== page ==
Crucially, the mechanisms being activated will depend on the particular conditions of the car park. For example, ‘memory jogging’ can only occur when the cameras are positioned in observable places, and the ‘you’ve been framed’ mechanism will only be activated if offenders can see the cameras or are aware of them. SRs and primary evaluations alike can only tease out the possible mechanisms through which interventions work by articulating ‘logic models’ of how they might do so and collecting the necessary data to test them. SRs will, of course, be limited by what can be found in primary studies, but they should explicitly seek to locate such information, and indicate the absence of information as well as synthesize what is available.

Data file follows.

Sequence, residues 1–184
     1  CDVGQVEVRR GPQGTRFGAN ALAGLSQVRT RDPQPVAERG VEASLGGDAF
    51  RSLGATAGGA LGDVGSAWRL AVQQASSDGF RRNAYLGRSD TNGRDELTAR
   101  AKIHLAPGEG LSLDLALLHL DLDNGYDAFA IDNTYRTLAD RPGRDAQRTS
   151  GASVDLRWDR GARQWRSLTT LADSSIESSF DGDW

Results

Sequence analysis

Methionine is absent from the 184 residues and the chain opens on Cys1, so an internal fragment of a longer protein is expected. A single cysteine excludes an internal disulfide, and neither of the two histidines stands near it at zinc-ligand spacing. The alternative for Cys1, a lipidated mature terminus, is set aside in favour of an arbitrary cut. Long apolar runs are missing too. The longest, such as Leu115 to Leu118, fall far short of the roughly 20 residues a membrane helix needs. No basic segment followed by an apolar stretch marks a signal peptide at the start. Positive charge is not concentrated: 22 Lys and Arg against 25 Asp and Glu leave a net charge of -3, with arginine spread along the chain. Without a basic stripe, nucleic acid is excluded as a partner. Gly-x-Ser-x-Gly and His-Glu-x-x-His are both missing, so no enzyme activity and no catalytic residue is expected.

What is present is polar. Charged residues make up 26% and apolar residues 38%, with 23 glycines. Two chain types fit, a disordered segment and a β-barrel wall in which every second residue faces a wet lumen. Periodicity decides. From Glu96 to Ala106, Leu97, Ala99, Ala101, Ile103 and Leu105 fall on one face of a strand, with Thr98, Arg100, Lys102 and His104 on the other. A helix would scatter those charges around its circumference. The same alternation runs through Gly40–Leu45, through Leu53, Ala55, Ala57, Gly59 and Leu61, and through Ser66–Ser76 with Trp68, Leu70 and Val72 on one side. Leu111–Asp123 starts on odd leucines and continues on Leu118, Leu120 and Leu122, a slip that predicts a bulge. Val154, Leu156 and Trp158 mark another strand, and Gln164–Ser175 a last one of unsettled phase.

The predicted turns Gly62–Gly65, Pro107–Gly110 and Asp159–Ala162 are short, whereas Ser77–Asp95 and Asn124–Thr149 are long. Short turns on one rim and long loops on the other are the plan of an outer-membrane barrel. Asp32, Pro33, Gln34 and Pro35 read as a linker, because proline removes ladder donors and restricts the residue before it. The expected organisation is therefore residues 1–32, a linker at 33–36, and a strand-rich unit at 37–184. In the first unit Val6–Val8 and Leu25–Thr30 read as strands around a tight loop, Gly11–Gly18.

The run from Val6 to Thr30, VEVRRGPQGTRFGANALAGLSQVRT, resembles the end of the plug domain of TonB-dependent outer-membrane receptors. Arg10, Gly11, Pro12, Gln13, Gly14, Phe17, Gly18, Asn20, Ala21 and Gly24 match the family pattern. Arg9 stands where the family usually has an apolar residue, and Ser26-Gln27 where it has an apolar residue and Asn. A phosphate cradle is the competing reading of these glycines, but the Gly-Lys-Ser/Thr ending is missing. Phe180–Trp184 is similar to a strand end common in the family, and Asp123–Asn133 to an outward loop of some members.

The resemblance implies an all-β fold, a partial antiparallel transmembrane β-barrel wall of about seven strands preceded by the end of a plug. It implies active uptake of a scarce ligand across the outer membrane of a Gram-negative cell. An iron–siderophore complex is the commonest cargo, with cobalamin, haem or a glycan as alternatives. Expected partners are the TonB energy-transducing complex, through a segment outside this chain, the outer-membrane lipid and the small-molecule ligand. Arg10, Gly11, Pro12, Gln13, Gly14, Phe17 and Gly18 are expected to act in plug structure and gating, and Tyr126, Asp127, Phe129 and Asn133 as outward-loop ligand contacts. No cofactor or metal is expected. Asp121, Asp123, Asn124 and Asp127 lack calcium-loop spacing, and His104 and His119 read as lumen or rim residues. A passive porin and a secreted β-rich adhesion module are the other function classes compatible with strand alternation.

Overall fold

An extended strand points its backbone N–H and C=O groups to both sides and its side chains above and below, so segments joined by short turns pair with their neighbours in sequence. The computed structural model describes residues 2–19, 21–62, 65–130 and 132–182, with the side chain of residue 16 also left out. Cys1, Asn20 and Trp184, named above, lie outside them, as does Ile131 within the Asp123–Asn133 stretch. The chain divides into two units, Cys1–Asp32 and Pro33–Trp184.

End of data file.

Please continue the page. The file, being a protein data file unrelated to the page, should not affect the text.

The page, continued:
In the case of SRs, the nearest counterpart to realists’ mechanisms and contexts are meta-analysts’ ‘mediators’ and ‘moderators’. Mediators describe the chains of events (or intermediate outcomes) that occur between a treatment and the ultimate outcomes produced. In our CCTV example, mediator variables that might be used to test for activation of the ‘caught in the act’ mechanism include the volume of offenders identified on CCTV footage, and the number subsequently prosecuted. In the absence of evidence that offenders had at least been identified on CCTV footage, this mechanism would not represent a plausible explanation for any impact observed. Such data should not be difficult to obtain in primary evaluations, and systematic reviewers should have no difficulty in determining whether chains of causality have been explored in primary studies.